Share ideas that inspire. FALLON PLANNERS (and co-conspirators) are freely invited to post trends, commentary, obscure ephemera and insightful rants regarding the experience of branding.

Wednesday, March 01, 2006

Choice is in the eye of the beholder

i've been reading barry schwartz's book "the paradox of choice," and while its way more boring than a pop-psychology/mass market business book hybrid should be (does gladwell do ghost writing gigs?), his argument is really striking a chord with me.

and then, lo and behold, he writes an article in this past sunday's NY Times magazine that pretty much sums up a lot of what the book talks about. i'd recommend reading for two reasons:

1. you won't have to read the book
2. it points out a valuable distinction about social class and how different people react to the abundance of choice they are offered as consumers (i.e. middle class people get upset when their neighbor buys the same car as them because it makes them feel less special, but lower class people are reassured by it because it makes them feel like they made the right decision)


Tim said...

I read it too and I agree it´s he repeats his point over and over. Nevertheless it´s good to have in your bookshelf because it has some good explanations which you can quote in your presentations.

Adrian said...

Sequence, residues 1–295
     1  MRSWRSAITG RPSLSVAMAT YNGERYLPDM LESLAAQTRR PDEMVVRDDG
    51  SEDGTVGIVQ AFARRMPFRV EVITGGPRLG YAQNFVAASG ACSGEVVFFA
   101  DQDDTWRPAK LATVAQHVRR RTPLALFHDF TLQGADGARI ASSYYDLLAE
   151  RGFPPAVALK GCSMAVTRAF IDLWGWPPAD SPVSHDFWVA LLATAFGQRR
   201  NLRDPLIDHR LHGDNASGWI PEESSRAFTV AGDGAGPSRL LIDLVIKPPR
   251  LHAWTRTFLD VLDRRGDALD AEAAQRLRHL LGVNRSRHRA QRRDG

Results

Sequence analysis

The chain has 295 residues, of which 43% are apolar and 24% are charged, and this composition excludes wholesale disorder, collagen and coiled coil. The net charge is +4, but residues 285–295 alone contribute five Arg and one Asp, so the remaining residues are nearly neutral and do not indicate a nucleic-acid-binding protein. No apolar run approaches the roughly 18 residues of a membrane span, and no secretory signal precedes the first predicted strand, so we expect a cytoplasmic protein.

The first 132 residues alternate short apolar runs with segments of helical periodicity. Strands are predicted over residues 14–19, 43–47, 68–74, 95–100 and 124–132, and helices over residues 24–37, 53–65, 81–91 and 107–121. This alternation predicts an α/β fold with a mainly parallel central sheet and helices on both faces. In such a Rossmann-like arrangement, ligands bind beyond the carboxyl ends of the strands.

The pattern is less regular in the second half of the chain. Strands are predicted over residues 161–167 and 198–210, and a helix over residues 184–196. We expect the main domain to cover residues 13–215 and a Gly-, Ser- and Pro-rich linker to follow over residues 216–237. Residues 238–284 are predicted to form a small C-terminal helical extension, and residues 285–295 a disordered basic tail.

This is the same thesis that Daniel Gilbert had in his APG speeh from a few years back.

Lachlan said...

A similar (but in some ways opposite) thing happens in packaged goods... at least that's what TGI data from a few years back seemed to show in the UK...

Essentially lower educated and lower income families were more likely to buy the premium branded cpg (fmcg) products while higher income, higher education level bought more own/private-label.

The thinking there was three fold:

One: the higher end of education meant they are a little more savvy and know that the private label is probably coming off the same production lines as the major brand. (this also makes them feel a little smart too)

Two: if you drive a BMW and own a fuck off house in a nice area, you don't attach any social or personal statement to the brand of detergent or baked beans you buy (where as lower income might, as it might be seen a direct reflection of their income).

Three: If you really are making a choice of Baked beans based on budget - you can't risk the rest of the family telling you're they're crap and don't want to eat them, (what you buy HAS to do the job), so there is more security in the pricier branded product... again a safe choice, just like the car.

A. said...


yeah, but isn't the point really just that baked beans are totally gross? private label or brand name, you'll never catch me eating that crap. marmite either.

El Gaffney said...

i wonder which group experiences buyer's remorse more often. upper and middle class are more confident, but also make more high ticket purchases and more unique, less-proven products. plus, they may do more research beforehand and after - know that the laptop they just bought was outdated a minute later. and they'll overthink things. however, the less wealthy group may stress over the money they spent and buy less high-quality products that break down on them. and it's a marmot not marmite.

Lachlan said...
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